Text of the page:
Many people believe that knowing when to buy is much simpler and easier to do than when to sell. However, the real reward in investing comes from making smart buying decisions. Selling simply allows you to realize your gains (or losses).

Far too many investors overemphasize the selling process. In doing this, they subconsciously approach the investment process backwards. They are first focusing on achieving gains, when they should in fact focus on preventing permanent losses of capital.

You must first crawl before you walk
Before you think about when to sell, you must first learn when to buy. More specifically, you must first learn to buy stocks that offer good value. If you focus your efforts on seeking out investments selling at a discount to intrinsic value, the odds are favorable that when you need your money, you will sell at a higher price.

During this process of buying and selling, investors often stumble by confusing buying a business and buying a stock. When buying something cheap, investors often take that to mean buying the stock at the bottom. This is flawed thinking. If you happen to invest at the bottom, consider the event a stroke of luck rewarding your diligent efforts for investing in a bargain investment. But you can still make plenty of money, even if you miss out on the lowest stock price.

Similarly, investors assume that if they sell at a profit only to see the share price advance further, then they made a mistake by selling too soon. But that too reflects the wrong perspective.

Don't complicate a very simple process
First of all, anytime you sell an investment at a gain, you have succeeded. I learned at an early age that you will not lose money by selling something for more than you paid for it. So, if that's the name of the game, then mastering the buy side is how you win the game. Warren Buffett once remarked that "investing is simple, but not easy." It's simple in that all you need to do is find a handful of great businesses selling at reasonable prices and let time do its thing. Yet investing is not easy because most investors have a hard time doing precisely that -- sitting still.

Famed value investor Mohnish Pabrai once told me that two things occur to him after he makes an investment: When he buys, the stock usually dives, and after he sells, the stock rockets. Yet in the almost nine years that he's been running the Pabrai Investment Funds, he's boasting an annualized return above 20% -- after fees.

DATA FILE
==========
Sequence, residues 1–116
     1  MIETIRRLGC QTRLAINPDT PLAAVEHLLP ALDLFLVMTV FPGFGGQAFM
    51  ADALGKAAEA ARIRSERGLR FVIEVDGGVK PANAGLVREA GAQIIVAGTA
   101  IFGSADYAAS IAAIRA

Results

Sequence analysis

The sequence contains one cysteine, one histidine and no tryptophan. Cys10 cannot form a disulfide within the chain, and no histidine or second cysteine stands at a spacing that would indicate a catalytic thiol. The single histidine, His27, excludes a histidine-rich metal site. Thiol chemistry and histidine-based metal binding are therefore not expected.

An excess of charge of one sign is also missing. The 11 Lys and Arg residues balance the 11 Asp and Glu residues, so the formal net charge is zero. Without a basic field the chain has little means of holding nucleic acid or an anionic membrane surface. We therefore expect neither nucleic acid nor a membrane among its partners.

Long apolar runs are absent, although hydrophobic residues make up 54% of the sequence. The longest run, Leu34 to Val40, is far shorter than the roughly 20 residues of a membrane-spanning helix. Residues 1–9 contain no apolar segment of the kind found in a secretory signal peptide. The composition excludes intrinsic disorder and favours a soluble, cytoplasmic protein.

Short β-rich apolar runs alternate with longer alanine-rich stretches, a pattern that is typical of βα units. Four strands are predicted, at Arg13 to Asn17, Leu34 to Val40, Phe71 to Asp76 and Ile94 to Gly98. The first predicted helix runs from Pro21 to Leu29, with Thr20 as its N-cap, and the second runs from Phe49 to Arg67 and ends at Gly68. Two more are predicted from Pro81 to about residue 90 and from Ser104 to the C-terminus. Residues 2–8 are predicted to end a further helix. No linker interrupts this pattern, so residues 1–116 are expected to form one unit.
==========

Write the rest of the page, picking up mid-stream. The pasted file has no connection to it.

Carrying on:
Widespread pain
Right now, I'd bet any serious investor -- individual or professional -- is sitting on at least some unrealized losses. Famed investor Bill Miller is taking a beating from his large positions in Countrywide (NYSE: CFC) and Bear Stearns (NYSE: BSC). Eddie Lampert, a brilliant capital allocator by many measures, has seen the share price of his company Sears Holdings (Nasdaq: SHLD) decline by nearly 50% over the past year or so. In the case of Miller, a very strong argument could be made that Countrywide and Bear had more serious problems and maybe he acted too soon. Still, Miller's track record speaks for itself, and I'm not planning to take the other side of any of his trades anytime soon.

Keep it simple and easy
So if you've done your work and found a solid company trading at an attractive price, don't be afraid to pull the trigger. Avoid leverage and let time be on your side. If the stock price declines after you buy and nothing has occurred to fundamentally alter the business, don't hesitate to back up the truck.

But if something occurs that fundamentally changes the future prospects of the company -- as is arguably the case with MBIA (NYSE: MBI) and Ambac (NYSE: ABK) -- then don't hesitate to cut your losses and run. In the case of the bond insurers, while they may survive, it is very likely their future profitability will fall severely, in part due to the inevitable new regulation that will likely arise from this mess. If this happens, then the intrinsic value of their businesses will be a lot less than before. That doesn't mean that MBIA and Ambac can't be good investments, but it does mean that you have to get a much better price than you might have paid previously.

All investors make mistakes. But if you do your work, odds are you won't make many big ones. And those who really do their work and stick to what they know make a lot less of them.

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Fool contributor Sham Gad is the managing partner of the Gad Partners Funds, a value-centric investment partnership. He has no stakes in the companies mentioned. The Fool has a simple and easy disclosure policy.